The context of place
When I first visited the Lake District as a child, I wasn’t too impressed. I remember sitting in our family car at the jetty in Ambleside with rain washing down the windscreen. Dad pointed at mountains in the distance – barely visible through the murk – and said “Those are the Langdale fells. Maybe we’ll walk up there one day.” In the twenty years or so since, I’ve returned again and again, climbed all of those mountains more times than I can count. Life has changed like the weather.
When you return to a place again and again down the decades, it becomes a map of all the people you have been. In that Langdale skyline, I see the overweight child who never even imagined that hills and mountains would one day be so important. I see the teenager who dreamed of freedom and a grand trek of self-discovery through the Lake District before university and what he imagined to be an end to all his adventures. I see the ambitious climber who viewed the Lakes as nothing but a training ground, and I see the long-distance walker who came back and learned to love the area all over again. All of these hopes and dreams – all parts of me, some current, some old and gone – are written in these mountains.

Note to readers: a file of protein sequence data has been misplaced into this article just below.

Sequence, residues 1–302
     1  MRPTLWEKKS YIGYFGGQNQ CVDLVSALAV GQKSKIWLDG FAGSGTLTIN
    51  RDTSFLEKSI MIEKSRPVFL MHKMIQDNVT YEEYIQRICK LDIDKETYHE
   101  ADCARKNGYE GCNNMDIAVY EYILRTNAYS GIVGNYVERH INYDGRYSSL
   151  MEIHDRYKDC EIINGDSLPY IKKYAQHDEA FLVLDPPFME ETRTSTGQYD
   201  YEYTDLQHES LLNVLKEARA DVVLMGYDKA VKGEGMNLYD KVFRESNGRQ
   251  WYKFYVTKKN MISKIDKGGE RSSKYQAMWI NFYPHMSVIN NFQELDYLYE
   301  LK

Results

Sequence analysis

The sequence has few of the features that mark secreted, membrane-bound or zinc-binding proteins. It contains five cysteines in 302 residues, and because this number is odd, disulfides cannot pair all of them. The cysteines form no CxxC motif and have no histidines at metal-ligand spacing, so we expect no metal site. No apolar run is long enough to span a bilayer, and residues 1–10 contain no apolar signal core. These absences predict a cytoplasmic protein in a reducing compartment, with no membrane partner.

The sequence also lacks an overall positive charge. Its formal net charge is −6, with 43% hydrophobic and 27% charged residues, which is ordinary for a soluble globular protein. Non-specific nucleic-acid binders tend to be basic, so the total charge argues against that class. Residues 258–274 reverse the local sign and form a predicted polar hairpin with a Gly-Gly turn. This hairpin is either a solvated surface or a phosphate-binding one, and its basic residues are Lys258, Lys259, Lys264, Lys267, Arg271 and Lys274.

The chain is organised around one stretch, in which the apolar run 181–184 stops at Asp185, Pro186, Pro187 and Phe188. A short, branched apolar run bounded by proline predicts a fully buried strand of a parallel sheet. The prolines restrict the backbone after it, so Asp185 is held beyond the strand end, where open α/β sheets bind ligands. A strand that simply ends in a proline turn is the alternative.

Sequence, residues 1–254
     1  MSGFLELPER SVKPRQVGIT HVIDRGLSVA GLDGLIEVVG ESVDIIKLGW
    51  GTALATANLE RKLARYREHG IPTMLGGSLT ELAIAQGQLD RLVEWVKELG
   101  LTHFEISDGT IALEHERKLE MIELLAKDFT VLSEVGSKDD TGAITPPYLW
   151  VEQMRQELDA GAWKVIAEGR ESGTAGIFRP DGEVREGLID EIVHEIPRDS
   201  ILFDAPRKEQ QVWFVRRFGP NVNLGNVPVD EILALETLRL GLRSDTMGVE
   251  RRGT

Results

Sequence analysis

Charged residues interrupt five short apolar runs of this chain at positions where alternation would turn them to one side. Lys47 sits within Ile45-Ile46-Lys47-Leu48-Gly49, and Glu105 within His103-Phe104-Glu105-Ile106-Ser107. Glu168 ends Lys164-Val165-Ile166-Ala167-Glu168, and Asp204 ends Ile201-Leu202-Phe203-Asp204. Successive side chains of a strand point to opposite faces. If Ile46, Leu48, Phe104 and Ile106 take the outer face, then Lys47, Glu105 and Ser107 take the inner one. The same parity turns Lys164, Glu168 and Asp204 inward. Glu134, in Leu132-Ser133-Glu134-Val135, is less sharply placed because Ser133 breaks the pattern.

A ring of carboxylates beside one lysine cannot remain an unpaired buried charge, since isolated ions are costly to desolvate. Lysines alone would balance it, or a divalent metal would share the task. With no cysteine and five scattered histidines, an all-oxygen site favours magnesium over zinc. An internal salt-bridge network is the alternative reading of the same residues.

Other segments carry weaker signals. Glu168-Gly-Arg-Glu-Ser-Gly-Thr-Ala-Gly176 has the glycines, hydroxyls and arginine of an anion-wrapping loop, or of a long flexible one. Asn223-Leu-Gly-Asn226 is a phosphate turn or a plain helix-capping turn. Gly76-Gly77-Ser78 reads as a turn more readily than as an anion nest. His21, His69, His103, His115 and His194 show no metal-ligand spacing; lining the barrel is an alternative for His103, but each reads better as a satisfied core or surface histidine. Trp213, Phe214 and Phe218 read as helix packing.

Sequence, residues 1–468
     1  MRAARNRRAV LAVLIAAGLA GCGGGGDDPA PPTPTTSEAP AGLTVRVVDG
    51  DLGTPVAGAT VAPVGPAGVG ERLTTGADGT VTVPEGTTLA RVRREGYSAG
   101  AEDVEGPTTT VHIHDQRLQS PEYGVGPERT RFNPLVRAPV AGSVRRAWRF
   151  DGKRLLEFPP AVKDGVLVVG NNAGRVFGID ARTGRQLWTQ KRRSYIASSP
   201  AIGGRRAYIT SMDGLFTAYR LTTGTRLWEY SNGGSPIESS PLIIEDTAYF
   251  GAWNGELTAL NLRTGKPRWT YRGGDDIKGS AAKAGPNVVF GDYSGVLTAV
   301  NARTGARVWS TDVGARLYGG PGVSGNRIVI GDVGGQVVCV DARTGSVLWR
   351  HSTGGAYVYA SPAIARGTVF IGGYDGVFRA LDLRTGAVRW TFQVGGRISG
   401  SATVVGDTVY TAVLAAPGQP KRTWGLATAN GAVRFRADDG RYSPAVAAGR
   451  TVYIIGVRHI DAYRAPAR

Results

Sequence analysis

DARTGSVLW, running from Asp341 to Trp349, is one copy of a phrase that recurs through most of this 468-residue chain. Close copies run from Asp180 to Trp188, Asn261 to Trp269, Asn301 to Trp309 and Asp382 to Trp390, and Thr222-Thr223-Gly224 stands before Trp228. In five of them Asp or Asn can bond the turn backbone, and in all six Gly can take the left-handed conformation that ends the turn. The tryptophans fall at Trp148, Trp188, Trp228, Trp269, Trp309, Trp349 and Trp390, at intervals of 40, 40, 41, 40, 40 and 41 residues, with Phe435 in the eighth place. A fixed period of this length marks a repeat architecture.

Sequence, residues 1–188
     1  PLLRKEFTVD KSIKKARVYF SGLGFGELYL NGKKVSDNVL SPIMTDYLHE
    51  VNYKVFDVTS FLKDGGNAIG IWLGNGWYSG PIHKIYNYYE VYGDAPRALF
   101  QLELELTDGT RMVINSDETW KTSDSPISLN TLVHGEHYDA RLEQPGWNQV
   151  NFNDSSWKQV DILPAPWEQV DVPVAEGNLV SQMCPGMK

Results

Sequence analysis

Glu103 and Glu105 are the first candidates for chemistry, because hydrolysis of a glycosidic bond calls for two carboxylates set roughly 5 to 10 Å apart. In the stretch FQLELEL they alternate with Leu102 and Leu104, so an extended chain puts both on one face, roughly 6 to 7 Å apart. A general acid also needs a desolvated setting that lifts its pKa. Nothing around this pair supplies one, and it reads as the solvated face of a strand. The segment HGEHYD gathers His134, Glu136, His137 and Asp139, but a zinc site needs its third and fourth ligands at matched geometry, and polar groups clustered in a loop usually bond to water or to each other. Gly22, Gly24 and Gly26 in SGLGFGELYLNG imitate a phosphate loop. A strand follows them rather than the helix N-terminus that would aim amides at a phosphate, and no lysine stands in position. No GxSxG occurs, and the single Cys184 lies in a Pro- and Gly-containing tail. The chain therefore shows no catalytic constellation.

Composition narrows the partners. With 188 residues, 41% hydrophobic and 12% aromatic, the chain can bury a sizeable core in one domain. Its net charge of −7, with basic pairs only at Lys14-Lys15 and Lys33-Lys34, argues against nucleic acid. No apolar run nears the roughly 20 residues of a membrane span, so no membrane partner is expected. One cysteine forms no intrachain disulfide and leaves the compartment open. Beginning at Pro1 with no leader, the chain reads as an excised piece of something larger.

This week, my wife and I stood on the summit of Nab Scar at sunset, looking out over that skyline I know better than any other topography. As I hugged her and watched the light turn to gold, I felt a powerful sense of completeness. Perhaps it was unconsciously that I’d chosen Nab Scar as one of our objectives for the day – a perfect vantage point from which to survey the landscape of my own childhood and adulthood. After almost eight years together, Hannah and I know each other pretty well, but there are some things you can’t understand without the context of place.
A complete human life is more than experiences and memories. Places define and sculpt us.